This is another good reminder to stock up on emergency supplies, and also to indulge our clients in their seismic retrofit discussions.  We dodged the “big one” again this time, but it’s always lurking in the shadows.  Be prepared!

Also this past week, it was with great sadness that on Friday I had to announce the passing of long-time MAR member and leader Karen Dahlin.  As the emails poured in, so many of you shared your memories of Karen, and how she had been so influential as a mentor and leader in our community.  Hers was a full life, giving back to her community and to her colleagues.  A lifetime of service.  A memorial service is planned for this Thursday, August 28th, at Keaton’s Redwood Chapel of Marin in Novato at 10:00am.  Again, MAR offers its sincere condolences to Karen’s family and loved ones.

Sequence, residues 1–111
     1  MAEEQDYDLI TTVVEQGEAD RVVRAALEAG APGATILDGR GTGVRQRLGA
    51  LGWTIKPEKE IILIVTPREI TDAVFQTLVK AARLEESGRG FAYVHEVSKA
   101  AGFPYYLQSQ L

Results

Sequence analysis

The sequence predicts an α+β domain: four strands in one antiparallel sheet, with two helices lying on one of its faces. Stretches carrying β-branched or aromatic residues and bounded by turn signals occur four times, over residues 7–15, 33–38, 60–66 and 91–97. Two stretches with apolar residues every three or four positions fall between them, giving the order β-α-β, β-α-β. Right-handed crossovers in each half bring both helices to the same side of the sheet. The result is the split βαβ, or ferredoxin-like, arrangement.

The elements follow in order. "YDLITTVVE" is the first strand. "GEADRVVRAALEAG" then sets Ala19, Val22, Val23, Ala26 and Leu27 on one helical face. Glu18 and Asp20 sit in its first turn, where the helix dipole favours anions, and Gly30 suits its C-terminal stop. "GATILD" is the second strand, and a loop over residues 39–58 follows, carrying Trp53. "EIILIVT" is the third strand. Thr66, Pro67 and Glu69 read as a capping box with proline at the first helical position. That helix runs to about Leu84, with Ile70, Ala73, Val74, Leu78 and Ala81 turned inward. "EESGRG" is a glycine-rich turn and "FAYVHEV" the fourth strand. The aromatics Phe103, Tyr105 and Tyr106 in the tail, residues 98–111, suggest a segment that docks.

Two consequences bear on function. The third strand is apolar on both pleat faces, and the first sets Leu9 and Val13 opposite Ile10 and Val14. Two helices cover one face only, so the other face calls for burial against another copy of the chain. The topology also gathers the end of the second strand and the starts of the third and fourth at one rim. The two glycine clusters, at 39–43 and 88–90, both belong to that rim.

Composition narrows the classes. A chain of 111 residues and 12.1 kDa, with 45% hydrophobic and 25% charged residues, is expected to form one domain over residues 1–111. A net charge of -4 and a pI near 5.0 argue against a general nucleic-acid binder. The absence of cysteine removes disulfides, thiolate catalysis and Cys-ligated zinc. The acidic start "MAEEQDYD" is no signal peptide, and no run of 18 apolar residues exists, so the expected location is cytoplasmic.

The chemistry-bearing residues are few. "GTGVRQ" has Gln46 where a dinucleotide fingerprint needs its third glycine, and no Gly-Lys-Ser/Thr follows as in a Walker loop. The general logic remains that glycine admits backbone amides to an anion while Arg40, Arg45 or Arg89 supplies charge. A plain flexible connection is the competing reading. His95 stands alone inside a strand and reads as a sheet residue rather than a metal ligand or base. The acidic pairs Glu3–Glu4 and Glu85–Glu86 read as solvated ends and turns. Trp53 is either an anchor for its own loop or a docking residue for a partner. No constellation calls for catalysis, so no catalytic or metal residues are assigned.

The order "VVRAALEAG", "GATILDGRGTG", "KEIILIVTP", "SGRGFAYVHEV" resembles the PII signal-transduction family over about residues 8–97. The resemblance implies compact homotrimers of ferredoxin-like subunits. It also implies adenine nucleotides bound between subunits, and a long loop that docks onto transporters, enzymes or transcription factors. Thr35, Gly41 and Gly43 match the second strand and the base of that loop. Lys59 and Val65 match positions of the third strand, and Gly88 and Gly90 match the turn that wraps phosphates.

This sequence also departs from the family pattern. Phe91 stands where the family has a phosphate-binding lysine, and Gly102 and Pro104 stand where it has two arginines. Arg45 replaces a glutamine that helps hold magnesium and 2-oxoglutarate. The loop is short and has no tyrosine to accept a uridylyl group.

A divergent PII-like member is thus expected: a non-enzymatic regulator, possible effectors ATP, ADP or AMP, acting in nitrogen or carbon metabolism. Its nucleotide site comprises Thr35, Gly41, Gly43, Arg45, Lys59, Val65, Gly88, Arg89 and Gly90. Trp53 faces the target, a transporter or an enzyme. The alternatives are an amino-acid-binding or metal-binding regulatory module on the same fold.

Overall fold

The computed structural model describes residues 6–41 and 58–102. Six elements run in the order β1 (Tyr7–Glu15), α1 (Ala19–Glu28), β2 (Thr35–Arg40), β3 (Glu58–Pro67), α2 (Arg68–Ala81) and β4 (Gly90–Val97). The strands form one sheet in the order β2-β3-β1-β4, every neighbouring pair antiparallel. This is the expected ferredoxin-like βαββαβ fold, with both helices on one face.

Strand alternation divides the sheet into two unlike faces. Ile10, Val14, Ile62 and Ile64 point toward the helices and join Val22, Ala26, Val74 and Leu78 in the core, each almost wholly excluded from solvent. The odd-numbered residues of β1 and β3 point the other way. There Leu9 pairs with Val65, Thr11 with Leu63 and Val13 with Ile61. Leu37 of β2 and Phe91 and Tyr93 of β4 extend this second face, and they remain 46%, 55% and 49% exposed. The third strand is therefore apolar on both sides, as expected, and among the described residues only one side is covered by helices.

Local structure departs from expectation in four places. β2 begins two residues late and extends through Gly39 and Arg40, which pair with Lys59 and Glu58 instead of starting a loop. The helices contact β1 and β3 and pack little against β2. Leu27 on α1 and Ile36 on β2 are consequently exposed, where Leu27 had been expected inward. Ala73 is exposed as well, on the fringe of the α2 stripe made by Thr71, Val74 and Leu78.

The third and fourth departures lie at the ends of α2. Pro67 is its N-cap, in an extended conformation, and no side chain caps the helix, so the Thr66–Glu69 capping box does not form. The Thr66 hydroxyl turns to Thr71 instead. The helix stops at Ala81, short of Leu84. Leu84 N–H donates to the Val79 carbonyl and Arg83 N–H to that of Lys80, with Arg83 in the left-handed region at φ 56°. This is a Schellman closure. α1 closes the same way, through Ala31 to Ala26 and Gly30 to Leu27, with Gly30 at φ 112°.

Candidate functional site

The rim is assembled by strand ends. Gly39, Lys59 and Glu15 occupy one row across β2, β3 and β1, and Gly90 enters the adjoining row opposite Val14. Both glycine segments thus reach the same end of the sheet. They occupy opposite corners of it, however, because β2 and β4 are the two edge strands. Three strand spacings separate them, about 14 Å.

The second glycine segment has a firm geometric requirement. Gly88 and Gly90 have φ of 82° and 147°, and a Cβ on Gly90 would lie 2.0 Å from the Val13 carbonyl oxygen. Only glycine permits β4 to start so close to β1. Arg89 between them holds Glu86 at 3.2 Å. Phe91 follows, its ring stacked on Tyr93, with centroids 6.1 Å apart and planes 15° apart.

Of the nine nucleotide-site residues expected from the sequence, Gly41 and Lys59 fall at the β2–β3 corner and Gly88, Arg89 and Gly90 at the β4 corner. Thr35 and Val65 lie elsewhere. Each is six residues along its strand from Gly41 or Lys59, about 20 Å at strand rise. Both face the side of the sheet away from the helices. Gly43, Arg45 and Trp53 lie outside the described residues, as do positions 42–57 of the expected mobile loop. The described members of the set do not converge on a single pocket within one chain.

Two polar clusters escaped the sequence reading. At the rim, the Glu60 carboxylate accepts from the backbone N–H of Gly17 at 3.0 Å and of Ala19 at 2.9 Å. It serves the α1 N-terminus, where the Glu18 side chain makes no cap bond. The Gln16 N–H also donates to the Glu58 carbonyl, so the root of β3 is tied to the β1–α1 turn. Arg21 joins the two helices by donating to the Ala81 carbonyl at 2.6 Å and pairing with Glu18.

One last summer holiday this weekend for Labor Day!  I’m headed up to Portland for a “re-creation” of a party my fraternity used to throw annually…30 years ago.  The Gangster Party.  Did I go to school in Portland, you might ask?  Well, no, it’s just that one of our fraternity brothers offered to host the party at a brewery he owns in Vancouver WA, and no one could think of a reason to not take him up on it.  Still working on my costume; 30 years ago, “gangster” meant Al Capone/Untouchables prohibition-era gangster gear.  Now we’ve got Al Pachino “Scarface” gangsters, Tupak and Dr Dre LA “gangsta rap” gangsters, Robert Duvall/Sean Penn “Colors” East LA gangsters.  The list goes on and on.  Enjoy the last bit of summer, with MAR’s busy Indian Summer home selling season right around the corner.